this one a little more. There was an option to only sync checked items or
only sync certain playlists, so that might be the way to do it.

There are so many little things that make the iPhone praiseworthy... the
whole time I was playing last night, a line just kept running through my
head: touching is believing.
It is evident that they spent time truly understanding the main tasks people
need to complete with a mobile device. The buttons for the main tasks are
big and obvious... my wife kept remarking that they built it for someone who
hates technology, like her.

This is also posted on my blog...
http://jstrande.typepad.com/blog/2007/06/iphone.html

Jon

Comments

30 Jun 2007 - 12:17pm
Josh
2006

Jon hit the nail on the head with that last email.

Some coworkers waited in line at the 5th Avenue Apple store starting at
about 10:30am yesterday, and they were kind enough to pick up an 8gig for me
(I hope to have it completely replace my Nano).

My setup took about 5 minutes excluding the time it took to install the
iTunes and OS updates. I opted to get a new phone number instead of
transferring my old number. Two friends (the guys who waited in line)
attempted to transfer numbers and are still waiting. It looks like the AT&T
folks are completely swamped.

Things to note so far:
- The headphone jack is deeper than normal and it means I need an adapter to
use my favorite earbuds.
- It doesn't look like manual syncing is possible. I couldn't find the
setting, and all of the instructions suggest creating an iPhone playlist and
manually managing that.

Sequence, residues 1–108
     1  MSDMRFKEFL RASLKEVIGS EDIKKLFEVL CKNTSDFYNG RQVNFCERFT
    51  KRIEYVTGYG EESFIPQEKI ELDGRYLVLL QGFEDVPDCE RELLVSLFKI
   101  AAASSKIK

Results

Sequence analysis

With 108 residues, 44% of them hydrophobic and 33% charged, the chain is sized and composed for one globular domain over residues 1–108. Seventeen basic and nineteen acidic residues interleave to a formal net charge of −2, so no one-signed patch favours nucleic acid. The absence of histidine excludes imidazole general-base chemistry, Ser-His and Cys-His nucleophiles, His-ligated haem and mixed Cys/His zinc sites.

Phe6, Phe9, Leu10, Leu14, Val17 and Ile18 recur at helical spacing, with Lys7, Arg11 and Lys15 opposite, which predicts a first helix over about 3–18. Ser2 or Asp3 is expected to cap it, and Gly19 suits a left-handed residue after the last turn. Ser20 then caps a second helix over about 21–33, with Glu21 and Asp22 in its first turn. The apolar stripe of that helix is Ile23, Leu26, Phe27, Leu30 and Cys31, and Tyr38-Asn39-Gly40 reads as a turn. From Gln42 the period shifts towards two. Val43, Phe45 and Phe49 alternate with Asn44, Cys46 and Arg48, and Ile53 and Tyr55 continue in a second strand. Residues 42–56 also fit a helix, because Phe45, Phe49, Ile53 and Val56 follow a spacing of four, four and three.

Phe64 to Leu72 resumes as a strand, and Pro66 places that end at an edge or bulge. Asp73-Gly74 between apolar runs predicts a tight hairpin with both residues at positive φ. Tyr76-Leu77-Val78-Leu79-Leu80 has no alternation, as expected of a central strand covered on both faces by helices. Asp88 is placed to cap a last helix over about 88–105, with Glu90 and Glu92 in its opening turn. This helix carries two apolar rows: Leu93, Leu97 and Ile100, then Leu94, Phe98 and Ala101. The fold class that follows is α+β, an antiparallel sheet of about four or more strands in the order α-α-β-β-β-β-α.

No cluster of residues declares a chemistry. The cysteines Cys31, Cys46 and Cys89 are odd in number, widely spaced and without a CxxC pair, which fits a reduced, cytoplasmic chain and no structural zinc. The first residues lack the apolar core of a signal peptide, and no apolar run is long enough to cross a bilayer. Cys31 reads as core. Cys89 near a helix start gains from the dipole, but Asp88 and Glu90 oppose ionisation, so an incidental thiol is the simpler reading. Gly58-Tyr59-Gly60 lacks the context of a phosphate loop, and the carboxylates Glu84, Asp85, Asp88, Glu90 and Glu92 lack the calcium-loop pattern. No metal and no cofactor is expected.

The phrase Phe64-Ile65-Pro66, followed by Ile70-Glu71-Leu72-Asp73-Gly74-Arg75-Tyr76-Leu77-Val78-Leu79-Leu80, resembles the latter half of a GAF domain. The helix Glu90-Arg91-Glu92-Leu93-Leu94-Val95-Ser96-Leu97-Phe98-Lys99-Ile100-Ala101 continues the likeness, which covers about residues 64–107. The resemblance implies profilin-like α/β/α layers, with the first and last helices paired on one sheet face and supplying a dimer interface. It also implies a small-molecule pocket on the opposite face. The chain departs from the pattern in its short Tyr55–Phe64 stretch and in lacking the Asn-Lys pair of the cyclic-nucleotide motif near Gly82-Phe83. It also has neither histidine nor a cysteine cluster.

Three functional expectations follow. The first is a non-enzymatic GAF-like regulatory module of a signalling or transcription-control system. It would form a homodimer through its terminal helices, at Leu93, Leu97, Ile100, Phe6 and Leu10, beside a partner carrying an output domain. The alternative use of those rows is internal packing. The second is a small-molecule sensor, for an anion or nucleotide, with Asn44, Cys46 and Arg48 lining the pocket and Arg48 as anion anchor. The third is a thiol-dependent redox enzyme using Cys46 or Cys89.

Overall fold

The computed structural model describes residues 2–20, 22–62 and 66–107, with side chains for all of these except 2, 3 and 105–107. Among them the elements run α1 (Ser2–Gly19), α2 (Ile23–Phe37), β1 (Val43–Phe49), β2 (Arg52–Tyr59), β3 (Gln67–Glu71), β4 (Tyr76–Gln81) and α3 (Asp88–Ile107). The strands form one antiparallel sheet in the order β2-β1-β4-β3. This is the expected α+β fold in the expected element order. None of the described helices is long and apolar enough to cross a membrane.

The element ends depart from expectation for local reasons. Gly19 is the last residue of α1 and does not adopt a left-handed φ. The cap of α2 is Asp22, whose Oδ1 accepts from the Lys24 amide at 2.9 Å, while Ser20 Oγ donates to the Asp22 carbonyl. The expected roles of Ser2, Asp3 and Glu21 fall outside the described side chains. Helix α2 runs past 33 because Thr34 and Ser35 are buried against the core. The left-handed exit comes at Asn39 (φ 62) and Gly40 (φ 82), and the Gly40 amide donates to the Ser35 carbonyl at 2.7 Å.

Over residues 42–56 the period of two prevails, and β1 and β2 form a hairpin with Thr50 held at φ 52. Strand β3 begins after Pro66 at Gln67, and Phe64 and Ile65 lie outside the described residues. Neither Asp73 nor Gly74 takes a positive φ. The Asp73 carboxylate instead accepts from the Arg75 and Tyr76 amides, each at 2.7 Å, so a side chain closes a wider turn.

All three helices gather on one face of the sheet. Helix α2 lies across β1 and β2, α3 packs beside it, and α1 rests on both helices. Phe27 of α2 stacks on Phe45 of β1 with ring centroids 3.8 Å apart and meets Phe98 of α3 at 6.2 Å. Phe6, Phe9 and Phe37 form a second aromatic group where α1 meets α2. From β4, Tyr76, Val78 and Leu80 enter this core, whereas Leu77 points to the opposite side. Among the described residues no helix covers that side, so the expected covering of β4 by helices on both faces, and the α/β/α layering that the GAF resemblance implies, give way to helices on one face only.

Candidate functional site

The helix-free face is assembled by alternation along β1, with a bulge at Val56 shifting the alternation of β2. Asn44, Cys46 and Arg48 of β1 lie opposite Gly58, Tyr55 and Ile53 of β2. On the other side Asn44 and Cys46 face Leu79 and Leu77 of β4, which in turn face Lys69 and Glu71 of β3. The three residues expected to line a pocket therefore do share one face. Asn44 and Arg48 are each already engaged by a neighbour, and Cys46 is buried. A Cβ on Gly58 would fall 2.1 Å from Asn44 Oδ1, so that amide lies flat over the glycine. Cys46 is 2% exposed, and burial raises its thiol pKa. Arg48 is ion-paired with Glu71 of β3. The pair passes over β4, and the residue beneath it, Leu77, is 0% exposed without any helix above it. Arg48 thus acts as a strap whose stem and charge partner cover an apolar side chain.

- The no "close" icon/feature definitely caught my attention
- Settings and setup are extremely easy to manage, and Wifi was easier to
set up than on my laptop.

--
Josh Viney
EastMedia Group
http://www.eastmedia.com

2 Jul 2007 - 7:14am
Todd Warfel
2003

83rd in line at the Apple store in KOP and I had two phones in hand
in about 20 minutes after the line started moving. Apple really had
their game on. Buy your phone(s), then continue through the store to
purchase accessories. That way they can get people their phones as
quickly as possible and move the line.

Initial impressions:
-> Activation was really quick. I had two phones activated with
numbers and working in under 10 minutes from the privacy of my own home.

-> Thinner than I expected. It's actually smaller than my 60GB and
80GB iPod videos. It's a little taller, but thinner.

-> The ads don't do the UI justice. It's really slick. Motion is
seamless. And the resolution is incredible.

-> The keyboard took about 2 minutes for me to get used to. Now I'm
flying along pretty quickly. I can't type as fast as I can on a
normal keyboard, but I can type a lot faster than I did on my Samsung
t589 series (slim candy bar phone). My wife is a Blackberry user and
it's taking her a little longer to get used to it - couple hours
probably.

-> A couple of clever things about the keyboard. Audio feedback. The
keys magnify as you move over them (you have to be on top of the
screen for this). And when you're surfing the web, there's no space
bar. You can't type spaces in URLs, so they just eliminate it and
instead give you a handy little .com button. Very clever - contextual
keyboard.

-> EDGE network isn't bad. It's no WiFi, but it's not bad. YouTube on
EDGE is lower quality than using the WiFi.

-> The wireless network mode is really clever. When it senses you're
near a WiFi spot, it comes up on screen and asks you if you want to
join it - just like a Mac. In the future, it just remembers that
network and when it's in range, it automatically hops over to that
instead of using EDGE for downloading email, stocks, Google Maps, or
surfing the Internet.

-> Syncing worked flawlessly. I manually selected a few playlists,
photo albums, and a list of people from my Address Book. It synced
them up in a few minutes (about 2GB worth).

-> One of the greatest things about Syncing and the iPhone - you can
unplug it anytime you want, even mid-sync. There's no "Ooops! You